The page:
How To Write A Book Review
By Jorge Antonio Vallejos
A large part of blackcoffeepoet.com is dedicated to writing book reviews. I also write book reviews for other publications.
I remember writing my first book review in grade five. I had to write one book review a month and I always looked forward to it.
Most of the books I read and reviewed in grade five were bought via mail from the Scholastic company. Do you remember them? I’d order three or four books at a time and eagerly wait for them to arrive. And I’d visit World’s Biggest Bookstore in downtown Toronto a couple of times a month with my mom on top of visiting my local library once or twice a week.
It’s fair to say that books have always been a part of my life. And writing reviews throughout my academic career—grade school, high school, and university—prepared me for the reviews I write today. Here are some suggestions for writing book reviews I’ve come up with over the years:
Read the book. This sounds simple but you’d be surprised at how many people do not read a book (entirely or at all) before writing a review. I remember a university professor telling a seminar class I was part of that she had written reviews after reading the back of, and preface, of books. Gross!
Be an active reader. Take notes, highlight, write in the margins of the book; journal about the book; talk about the book with someone.
Re-read the book. If you do not have time, go over your notes and read the parts you liked and disliked.
Plan out the review. Look over your notes and see what you want readers to know. Organize your points from most to least important. Read other reviews and see what reviewers are not talking about. Be different.
Think about your audience. Who reads your work? What do they like? What politics do they believe and uphold? Are they political or apolitical? Do they like long or short reviews? Do they like lots of quotations? Do they prefer an overview or an in-depth review?
Include info about the author. Are you familiar with the work of the author you are reviewing? Is your audience familiar with the author? Reference their previous work. Opine whether this new book is as good, better, or worse than their previous books. Give some background info on the author: how they started writing, where they are from, where they are now.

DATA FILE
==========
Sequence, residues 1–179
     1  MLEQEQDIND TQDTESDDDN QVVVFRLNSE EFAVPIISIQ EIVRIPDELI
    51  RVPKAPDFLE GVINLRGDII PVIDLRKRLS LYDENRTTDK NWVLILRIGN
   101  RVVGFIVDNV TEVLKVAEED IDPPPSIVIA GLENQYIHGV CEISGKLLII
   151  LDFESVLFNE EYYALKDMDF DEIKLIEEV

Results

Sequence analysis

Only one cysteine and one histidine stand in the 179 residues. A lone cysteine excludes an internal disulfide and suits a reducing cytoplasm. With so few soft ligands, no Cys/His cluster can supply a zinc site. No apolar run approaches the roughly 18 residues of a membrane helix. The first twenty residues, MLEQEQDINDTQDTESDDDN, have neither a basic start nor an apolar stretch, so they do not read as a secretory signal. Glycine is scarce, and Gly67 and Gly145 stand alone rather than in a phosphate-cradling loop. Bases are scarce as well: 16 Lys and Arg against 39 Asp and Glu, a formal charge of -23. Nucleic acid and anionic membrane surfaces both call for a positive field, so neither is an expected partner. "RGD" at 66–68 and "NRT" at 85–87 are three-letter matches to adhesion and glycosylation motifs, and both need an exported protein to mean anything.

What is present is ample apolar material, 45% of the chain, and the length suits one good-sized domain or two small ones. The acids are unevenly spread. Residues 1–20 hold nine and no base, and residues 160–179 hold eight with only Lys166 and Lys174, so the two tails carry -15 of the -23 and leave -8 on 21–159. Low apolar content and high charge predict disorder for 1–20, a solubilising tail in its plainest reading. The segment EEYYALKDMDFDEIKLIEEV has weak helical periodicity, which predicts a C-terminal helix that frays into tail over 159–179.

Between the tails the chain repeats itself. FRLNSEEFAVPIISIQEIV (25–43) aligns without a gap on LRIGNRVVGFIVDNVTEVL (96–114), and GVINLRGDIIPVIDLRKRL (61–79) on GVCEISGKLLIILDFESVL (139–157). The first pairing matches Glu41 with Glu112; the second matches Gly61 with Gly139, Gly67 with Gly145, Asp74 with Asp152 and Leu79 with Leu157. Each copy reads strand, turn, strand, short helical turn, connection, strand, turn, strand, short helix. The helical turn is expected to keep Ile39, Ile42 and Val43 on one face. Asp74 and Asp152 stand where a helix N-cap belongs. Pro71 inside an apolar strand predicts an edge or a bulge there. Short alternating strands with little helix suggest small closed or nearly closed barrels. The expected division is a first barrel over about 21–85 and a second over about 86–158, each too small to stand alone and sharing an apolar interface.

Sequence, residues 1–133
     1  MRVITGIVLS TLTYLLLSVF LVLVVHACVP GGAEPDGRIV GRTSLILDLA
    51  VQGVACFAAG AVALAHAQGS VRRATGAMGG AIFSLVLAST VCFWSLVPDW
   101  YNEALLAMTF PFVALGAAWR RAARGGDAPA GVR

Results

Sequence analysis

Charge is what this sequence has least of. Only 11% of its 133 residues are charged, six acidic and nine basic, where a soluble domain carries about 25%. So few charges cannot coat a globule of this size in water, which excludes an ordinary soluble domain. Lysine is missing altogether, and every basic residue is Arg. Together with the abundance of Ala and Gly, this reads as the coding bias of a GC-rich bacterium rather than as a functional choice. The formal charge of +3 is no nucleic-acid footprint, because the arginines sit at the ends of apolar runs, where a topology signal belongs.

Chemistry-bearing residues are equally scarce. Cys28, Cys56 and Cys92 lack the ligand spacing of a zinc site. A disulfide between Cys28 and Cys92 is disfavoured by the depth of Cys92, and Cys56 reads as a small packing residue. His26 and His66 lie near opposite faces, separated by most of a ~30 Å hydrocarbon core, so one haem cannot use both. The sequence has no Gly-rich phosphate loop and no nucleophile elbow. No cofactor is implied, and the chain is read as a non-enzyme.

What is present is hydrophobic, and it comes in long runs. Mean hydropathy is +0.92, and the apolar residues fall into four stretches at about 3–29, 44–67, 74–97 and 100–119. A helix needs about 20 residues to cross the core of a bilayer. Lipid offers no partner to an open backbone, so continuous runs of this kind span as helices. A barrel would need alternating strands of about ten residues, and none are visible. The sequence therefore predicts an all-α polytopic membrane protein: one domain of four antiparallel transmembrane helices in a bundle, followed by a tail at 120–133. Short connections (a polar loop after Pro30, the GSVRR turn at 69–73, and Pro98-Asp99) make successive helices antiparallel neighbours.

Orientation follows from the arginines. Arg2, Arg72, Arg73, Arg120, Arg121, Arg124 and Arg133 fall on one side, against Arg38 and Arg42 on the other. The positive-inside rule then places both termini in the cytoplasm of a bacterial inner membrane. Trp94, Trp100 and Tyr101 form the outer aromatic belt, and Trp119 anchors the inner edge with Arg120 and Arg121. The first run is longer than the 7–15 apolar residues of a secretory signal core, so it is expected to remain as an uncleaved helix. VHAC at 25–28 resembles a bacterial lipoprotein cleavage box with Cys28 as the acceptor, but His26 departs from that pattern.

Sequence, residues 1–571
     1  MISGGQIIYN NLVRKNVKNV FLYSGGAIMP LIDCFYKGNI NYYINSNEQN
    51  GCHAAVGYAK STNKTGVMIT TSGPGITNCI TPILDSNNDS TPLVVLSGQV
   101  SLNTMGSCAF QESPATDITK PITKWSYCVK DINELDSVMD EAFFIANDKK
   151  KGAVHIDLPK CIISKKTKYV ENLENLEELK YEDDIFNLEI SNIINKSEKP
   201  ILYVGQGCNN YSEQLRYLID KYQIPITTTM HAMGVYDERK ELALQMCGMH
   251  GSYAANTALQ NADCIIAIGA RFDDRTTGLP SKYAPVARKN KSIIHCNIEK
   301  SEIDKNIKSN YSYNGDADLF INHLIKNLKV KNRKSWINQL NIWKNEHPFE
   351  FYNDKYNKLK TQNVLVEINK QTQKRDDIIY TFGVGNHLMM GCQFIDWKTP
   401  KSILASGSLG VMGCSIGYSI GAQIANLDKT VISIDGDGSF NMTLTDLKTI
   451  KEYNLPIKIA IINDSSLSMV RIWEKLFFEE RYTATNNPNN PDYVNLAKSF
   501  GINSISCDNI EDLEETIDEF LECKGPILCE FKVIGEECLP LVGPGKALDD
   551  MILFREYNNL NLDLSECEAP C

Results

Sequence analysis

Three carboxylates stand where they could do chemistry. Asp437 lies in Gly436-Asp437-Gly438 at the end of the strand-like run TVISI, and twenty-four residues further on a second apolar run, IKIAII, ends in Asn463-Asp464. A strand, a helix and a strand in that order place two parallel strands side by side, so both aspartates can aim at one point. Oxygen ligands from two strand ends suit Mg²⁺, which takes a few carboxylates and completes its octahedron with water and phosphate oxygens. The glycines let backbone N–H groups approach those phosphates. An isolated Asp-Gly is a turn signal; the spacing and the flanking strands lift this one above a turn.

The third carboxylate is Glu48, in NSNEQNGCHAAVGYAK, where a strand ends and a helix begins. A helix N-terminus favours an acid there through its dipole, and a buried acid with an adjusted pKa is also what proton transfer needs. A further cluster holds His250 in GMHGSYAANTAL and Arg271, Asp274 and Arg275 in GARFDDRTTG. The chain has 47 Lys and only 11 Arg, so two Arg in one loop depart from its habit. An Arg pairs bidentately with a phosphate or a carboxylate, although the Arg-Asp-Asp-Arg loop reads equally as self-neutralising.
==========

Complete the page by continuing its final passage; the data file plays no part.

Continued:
Hook the reader in. Start your review with a line that is eye catching and mentally stimulating. I often use a quote from the book, or I describe the cover, or I give my opinion.
State your opinion. Is the book amazing, mediocre, or crap? Say it. Be honest. Be bold. And back up your opinion with quotes and observations. A reader will appreciate your opinion from the strong argument your provide them. You are critiquing the book, not summarizing it!
Do not include new material in the conclusion. Your last paragraph should be a wrap up of the review. Don’t start a new argument or make new points. A conclusion is an ending not a beginning.
Do not bash! You can be critical without bashing a writer. It’s a review not a boxing match.
Do not make the review personal. You are reviewing the book not the author’s character. And if there is a conflict of interest between you and the author then do not review their book. I know authors I do not like personally and I do not review their book(s); it would not be fair. Of course, there are some exceptions. One of my favourite short story writer’s is someone I cannot stand! But they write good fiction and I have written favourable reviews of their work; it goes back to integrity and honesty. Generally, I stay away from reviewing books by authors I do not like personally.
Remember: “The same people you see on your way up are the same people you see on your way down.” It’s a small world. Someone might be reviewing your book one day. The same energy you give out comes back at you.
I hope this helps! Get reading and get writing.
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